With just 10 days to go until the release of my new book, yes, I’ve already been writing another one. This new book is a project I started last summer. It seems terrible (to me) that it will be a year in July since I started writing the first draft and I don’t even have 40,000 words yet. I’m determined to finish the first draft this year though!
My new book being released next week is a murder mystery, and I had so much fun writing it that I decided to attempt to write another one. AND…I’ve been developing a new character who is an investigative journalist and also trans. I’d been saving her for a series I wanted to write (yes, a totally different project!), but since this current one isn’t going so well, I decided to introduce her into it a few weeks ago. That helped, but now the problem is point of view.
Each chapter is from a different person’s point of view. I started writing it last year in 3rd person point of view, but since I had multiple characters telling the story, I rewrote it in 1st person and named each chapter after the person who was telling that part of the story. I’d done this previously in my book ARE YOU SITTING DOWN? and it worked out well. The new book was going well again until I introduced my new character. She really wants to dominate the story, and she probably should if this is going to end up being the first book in her series.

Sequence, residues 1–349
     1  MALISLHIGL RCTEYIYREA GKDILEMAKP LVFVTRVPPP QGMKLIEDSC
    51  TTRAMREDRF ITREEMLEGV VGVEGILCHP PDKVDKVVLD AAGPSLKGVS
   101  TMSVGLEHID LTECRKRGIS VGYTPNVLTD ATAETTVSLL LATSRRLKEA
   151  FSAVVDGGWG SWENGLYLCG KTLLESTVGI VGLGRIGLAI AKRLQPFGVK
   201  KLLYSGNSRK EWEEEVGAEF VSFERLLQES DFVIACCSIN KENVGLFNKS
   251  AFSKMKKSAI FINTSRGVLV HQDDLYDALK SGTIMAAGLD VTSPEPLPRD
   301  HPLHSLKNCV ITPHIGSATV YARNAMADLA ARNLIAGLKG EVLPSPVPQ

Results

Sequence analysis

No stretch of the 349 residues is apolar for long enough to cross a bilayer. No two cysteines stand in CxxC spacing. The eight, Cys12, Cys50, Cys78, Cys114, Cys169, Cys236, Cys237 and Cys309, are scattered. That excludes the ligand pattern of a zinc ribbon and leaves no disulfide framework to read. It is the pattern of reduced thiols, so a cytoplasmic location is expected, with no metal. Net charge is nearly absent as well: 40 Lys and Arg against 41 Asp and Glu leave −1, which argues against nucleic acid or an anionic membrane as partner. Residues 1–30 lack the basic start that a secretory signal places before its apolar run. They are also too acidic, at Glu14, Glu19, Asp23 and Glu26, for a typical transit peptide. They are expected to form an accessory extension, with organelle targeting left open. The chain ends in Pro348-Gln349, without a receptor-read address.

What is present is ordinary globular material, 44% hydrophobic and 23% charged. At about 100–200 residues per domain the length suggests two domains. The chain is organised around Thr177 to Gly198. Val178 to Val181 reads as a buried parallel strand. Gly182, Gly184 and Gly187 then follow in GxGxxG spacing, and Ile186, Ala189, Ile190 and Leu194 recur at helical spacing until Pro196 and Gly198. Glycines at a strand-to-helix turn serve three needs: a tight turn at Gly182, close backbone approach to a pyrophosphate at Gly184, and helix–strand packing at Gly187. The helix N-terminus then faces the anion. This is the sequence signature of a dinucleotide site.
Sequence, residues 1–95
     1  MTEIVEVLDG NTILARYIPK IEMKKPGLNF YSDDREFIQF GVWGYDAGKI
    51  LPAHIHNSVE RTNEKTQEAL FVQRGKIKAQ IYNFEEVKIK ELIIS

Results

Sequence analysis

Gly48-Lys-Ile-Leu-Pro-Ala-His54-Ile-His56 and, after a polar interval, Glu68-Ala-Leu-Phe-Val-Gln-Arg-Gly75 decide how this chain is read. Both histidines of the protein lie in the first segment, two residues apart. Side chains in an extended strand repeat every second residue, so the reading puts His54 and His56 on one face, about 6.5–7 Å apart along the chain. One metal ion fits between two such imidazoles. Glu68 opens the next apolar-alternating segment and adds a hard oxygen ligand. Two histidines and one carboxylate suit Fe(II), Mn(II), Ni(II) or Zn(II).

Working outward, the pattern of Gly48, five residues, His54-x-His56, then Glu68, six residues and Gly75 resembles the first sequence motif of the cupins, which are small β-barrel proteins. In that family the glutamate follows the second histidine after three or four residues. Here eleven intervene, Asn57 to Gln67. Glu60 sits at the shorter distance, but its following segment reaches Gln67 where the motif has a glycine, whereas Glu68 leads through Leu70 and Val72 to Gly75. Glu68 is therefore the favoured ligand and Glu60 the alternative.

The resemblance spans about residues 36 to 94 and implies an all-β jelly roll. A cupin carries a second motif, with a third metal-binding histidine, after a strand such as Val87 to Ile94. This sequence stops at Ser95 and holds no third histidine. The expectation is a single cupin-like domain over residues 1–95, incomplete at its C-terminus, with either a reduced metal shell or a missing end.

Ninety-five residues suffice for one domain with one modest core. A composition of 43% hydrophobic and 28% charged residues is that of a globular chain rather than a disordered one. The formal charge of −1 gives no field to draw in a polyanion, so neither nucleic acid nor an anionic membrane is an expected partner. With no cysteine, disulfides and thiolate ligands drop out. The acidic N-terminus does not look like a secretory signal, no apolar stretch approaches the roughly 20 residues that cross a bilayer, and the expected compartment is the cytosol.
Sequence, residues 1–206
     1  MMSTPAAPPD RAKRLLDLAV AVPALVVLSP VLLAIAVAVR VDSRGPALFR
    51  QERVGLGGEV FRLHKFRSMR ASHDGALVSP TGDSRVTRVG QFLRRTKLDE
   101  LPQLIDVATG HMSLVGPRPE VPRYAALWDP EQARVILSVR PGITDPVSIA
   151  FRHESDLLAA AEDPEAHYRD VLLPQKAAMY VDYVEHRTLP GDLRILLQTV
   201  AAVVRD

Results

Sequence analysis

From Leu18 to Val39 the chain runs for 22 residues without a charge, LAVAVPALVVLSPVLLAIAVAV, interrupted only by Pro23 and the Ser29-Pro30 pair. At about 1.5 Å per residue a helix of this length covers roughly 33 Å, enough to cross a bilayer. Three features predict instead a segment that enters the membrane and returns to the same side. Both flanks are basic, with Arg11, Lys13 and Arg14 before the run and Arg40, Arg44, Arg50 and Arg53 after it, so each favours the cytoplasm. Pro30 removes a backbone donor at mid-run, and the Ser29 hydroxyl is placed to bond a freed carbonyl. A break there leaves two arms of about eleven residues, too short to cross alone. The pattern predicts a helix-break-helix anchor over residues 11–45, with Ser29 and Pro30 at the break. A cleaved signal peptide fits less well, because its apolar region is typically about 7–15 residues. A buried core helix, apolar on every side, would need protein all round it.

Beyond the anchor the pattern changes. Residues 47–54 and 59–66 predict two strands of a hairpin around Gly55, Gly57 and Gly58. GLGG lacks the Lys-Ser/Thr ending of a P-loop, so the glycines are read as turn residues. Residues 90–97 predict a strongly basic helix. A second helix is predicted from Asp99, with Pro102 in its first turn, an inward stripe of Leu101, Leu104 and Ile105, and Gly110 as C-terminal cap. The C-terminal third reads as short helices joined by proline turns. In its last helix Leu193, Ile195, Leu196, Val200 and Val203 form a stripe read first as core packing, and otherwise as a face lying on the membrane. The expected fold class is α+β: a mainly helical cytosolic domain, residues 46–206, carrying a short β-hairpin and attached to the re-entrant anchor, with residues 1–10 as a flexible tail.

But the 1st person point of view just isn’t working out! I should point out that my new book is written in 1st person, but there’s only one central character who tells the whole story. That seems to work out much better than having multiple people trying to piece a murder mystery together. So, what do I do?
For starters, I study the craft. I decided to reread one of my favorite books that has a similar structure, THE SILENCE OF THE LAMBS. I’ve read it countless times and always come away with something new. It’s an excellent read in the mystery or thriller genre, and it’s told from the perspective of multiple characters too. But, it’s written in 3rd person!
The chapters are not named after the character who is telling the story either. The author, Thomas Harris, does a brilliant job of telling the reader who each chapter is about simply by naming them in the first couple of sentences. Here are a few samples:
Chapter 15 (first sentence): In East Memphis, Tennessee, Catherine Baker Martin and her best boyfriend were watching a late move on television in his apartment and having a few hits off a bong pipe loaded with hashish.
Chapter 21 (first sentence): Clarice Starling entered the Baltimore State Hospital for the Criminally Insane at a little after 10:00pm.
So, what will I do to try to get this story moving? Should I rewrite it in 3rd person? Why not? I’m definitely one of those people who doesn’t give up too easily. It might take me years to write a book (yep, it has before), but if that means I have to stop and rewrite the whole manuscript from start just to try to push the narrative forward, I’ll do it. It took me ten years to finish a manuscript once and through the struggles, I changed the narrative and even changed the lead character from a man to a woman! So, am I starting over…again?
Yep! That’s what writing is all about: creating the best story possible. And there’s always lots of stops and starts. And sometimes, you just have to change your point of view.